In our experiments with J82 bladder cancer cells, rictor gene-silencing substantially decreased Rac1 activation while having a more modest effect on RhoA. In many cell systems, pathways exist to regulate Rac1 and RhoA reciprocally[33]. Thus, even a modest decrease in RhoA activation in association with rictor gene-silencing may be significant in the bladder cancer cells. The marked effects of rictor silencing on cell spreading, migration, and invasion are consistent with our biochemical results suggesting that Rac1 is major target of mTORC2 in bladder cancer. One caveat is that rictor downdown also reduces p-Ser473, which may induce additional downstream changes in AKT signaling that could impact invasion independently of Rho GTPase activity.

When comparing mTORC2 activation in bladder cancer cell lines, we found that UMUC-3 cells were unique in that detectable p-Ser473 was present even in the absence of serum. The increase in the basal level of p-Ser473 in UMUC-3 cells most likely reflects the homozygous null deletion of PTEN in these cells [9,34], eliminating an important suppressor of mTOR signaling. UMUC-3 cells may represent a model for bladder cancer cells in which PTEN is mutated. Cancers with PTEN deletion or mutation are frequently resistant to targeted anticancer agents that function upstream of PTEN such as those against epidermal growth factor receptor[35]. The T24 and J82 cells may be preferred models for bladder cancer that occurs in the absence of PTEN mutation. These cells demonstrated essentially undetectable levels of P-Ser473 in the absence of serum and strong stimulation of mTORC2 activity when serum was added.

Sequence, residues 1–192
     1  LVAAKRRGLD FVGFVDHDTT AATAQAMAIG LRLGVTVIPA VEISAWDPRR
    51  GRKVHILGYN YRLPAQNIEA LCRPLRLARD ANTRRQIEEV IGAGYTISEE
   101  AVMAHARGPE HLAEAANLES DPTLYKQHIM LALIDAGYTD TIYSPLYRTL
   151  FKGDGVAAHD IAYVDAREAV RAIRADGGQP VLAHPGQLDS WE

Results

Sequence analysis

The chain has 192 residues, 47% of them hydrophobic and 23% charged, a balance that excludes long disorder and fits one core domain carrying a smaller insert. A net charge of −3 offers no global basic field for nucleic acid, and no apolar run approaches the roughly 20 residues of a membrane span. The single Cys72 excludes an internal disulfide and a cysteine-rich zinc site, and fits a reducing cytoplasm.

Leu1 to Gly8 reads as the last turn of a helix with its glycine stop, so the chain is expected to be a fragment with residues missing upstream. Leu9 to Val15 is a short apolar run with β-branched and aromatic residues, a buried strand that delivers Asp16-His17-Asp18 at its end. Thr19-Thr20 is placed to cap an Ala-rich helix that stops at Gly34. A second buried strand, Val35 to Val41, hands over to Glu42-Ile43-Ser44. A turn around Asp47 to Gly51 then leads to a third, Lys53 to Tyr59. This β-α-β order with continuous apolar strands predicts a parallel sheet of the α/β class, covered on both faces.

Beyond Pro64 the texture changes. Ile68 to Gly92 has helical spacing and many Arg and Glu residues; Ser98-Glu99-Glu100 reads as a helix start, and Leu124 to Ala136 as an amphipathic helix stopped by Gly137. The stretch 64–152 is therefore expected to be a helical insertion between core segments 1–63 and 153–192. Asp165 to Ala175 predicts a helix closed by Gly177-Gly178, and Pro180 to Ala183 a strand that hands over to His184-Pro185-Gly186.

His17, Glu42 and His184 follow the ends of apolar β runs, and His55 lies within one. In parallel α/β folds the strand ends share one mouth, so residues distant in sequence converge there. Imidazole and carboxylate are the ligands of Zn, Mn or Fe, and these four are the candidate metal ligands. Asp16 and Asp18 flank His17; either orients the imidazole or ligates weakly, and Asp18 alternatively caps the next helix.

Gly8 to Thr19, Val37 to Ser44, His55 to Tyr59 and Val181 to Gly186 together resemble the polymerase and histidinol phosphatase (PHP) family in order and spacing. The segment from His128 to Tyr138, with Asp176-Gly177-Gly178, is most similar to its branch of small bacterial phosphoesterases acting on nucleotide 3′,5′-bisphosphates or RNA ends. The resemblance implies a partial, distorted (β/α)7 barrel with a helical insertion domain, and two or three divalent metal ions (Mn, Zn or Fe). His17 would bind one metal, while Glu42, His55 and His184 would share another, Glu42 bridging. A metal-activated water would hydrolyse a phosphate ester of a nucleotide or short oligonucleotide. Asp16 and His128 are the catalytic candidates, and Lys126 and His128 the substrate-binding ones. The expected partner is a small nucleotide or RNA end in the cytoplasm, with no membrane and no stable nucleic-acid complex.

The involvement of Rac1 as a major downstream target of mTORC2 in the regulation of bladder cancer invasion may link a number of recent findings in the literature. One study showed that Rac1 regulates bladder cancer cell invasion and actin reorganization downstream of integrin-linked kinase (ILK) [36]. Another group has reported that rictor can physically interact with ILK [37] to induce phosphorylation of AKT at Ser473, which represents an mTORC2-specific signature. Rac1 has been reported to directly interact with mTOR in a GTP-independent manner [38].

In conclusion, our studies demonstrate that mTORC2 is a critical regulator of bladder cancer migration and invasion, with effects mediated primarily through Rac1. Selective targeting of mTORC2 in invasive bladder cancer may represent a novel approach to patient therapy to prevent or limit invasion of bladder cancer.

Author Contributions

Conceived and designed the experiments: S. Gupta JRB JH EM S. Gonias TTE DEH. Performed the experiments: S. Gupta AMH JRB JH EM DEH. Analyzed the data: S. Gupta AMH JRB JH EM S. Gonias TTE DEH. Contributed reagents/materials/analysis tools: TTE S. Gonias DEH. Wrote the manuscript: S. Gupta AMH JRB JH EM S. Gonias TTE DEH.